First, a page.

Tuesday, October 25, 2011
Occupy Wall Street Now Part Of the 1%
Does the recent donation of $500 grand make Occupy Wall Street part of the 1%?
New York Post
Even in Zuccotti Park, greed is good.
Occupy Wall Street’s Finance Committee has nearly $500,000 in the bank, and donations continue to pour in -- but its reluctance to share the wealth with other protesters is fraying tempers.
Some drummers -- incensed they got no money to replace or safeguard their drums after a midnight vandal destroyed their instruments Wednesday -- are threatening to splinter off.
“F--k Finance. I hope Mayor Bloomberg gets an injunction and demands to see the movement’s books. We need to know how much money we really have and where it’s going,” said a frustrated Bryan Smith, 45, who joined OWS in Lower Manhattan nearly three weeks ago from Los Angeles, where he works in TV production.
NEST IN PEACE: Protester Dylan Spoelstra smirks yesterday from his high perch amid the workings of the sculpture “Joie de Vivre” in Zuccotti Park.
Smith is a member of the Comfort Working Group -- one of about 30 small collectives that have sprung up within OWS. The Comfort group is charged with finding out what basic necessities campers need, like thermal underwear, and then raising money by soliciting donations on the street.
“The other day, I took in $2,000. I kept $650 for my group, and gave the rest to Finance. Then I went to them with a request -- so many people need things, and they should not be going without basic comfort items -- and I was told to fill out paperwork. Paperwork! Are they the government now?” Smith fumed, even as he cajoled the passing crowd for more cash.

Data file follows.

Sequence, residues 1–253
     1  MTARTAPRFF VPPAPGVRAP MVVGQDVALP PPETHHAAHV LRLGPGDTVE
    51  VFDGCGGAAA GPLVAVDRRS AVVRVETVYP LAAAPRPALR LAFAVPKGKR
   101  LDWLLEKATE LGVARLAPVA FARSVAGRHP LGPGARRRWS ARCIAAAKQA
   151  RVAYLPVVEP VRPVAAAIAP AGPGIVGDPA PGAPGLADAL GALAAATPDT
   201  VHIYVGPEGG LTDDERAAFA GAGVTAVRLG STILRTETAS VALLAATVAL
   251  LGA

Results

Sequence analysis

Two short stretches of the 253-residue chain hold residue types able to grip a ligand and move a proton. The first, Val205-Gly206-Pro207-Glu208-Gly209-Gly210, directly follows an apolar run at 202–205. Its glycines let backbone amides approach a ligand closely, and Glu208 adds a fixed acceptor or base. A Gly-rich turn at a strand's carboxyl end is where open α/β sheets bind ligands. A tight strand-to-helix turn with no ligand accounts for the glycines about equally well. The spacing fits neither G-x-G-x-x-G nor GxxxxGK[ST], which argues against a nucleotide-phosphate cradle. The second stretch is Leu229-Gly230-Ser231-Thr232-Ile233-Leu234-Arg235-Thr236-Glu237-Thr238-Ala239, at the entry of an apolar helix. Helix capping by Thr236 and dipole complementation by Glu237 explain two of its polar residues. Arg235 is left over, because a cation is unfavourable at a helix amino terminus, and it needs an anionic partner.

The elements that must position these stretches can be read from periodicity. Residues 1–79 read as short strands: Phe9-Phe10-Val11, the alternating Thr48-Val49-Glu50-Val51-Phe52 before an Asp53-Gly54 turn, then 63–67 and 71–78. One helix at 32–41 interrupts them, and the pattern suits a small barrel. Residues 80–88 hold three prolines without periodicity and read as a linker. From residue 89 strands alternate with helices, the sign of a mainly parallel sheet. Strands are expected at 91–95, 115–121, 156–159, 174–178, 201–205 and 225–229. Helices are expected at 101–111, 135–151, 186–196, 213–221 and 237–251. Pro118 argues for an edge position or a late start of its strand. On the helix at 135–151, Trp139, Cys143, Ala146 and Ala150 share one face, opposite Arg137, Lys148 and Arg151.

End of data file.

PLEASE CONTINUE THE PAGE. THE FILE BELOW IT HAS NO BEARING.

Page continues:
The Finance Committee dives on whatever dollars are raised by all the OWS working groups, said Smith, and doesn’t give it back.
The Comfort group has an allowance of $150 a day, while larger working groups, like the Kitchen group, get up to $2,000.
“What can I do with $150?” said Smith. “We have three tons of wet laundry here from the rainstorm -- how do I get that done? We need winter gear, shoes, socks. I could spend $10,000 alone for backpacks people need. We raise all this money. Where is it?”
Pete Dutro, 36, a Brooklyn tattoo artist who is getting a master’s in finance and sits on the Finance Committee, said big purchases like Smith’s can’t get immediate approval.
“We don’t have the power for that. They have to go to the General Assembly. If it’s approved, we pay out that amount and make sure everything is accounted for,” he said.
Within the next few days, the Financial Committee will release a detailed report, he said.
Yesterday, a huge flat-screen TV went up in Zuccotti Park for a movie night and pajama party with popcorn. Organizers hoped it would attract new recruits -- even as some long-timers complained that the movement was getting too diffuse after yesterday’s lackluster showing at a police-brutality event in Union Square that barely attracted 50 participants.
“I think it’s getting too spread out,” said John Glowa, 57. “My sense from where I live is that it’s losing steam. We gotta plug the holes.”
Some activists, like those in Pulse, the committee that represents Zuccotti Park drummers, are a bit worn out by all the collective activity.
Last week, on a rainy night, someone stabbed holes in many of the protesters’ drums with a knife, said Elijah Moses, 19, of Queens, a founder of the Pulse Working Group. Moses asked the General Assembly -- the nightly meeting where protesters collectively vote on OWS decisions -- for $8,000 to replace the drums, and build a small shed to lock them up.
“They said no -- they turned us down. I’m really frustrated,” said Moses.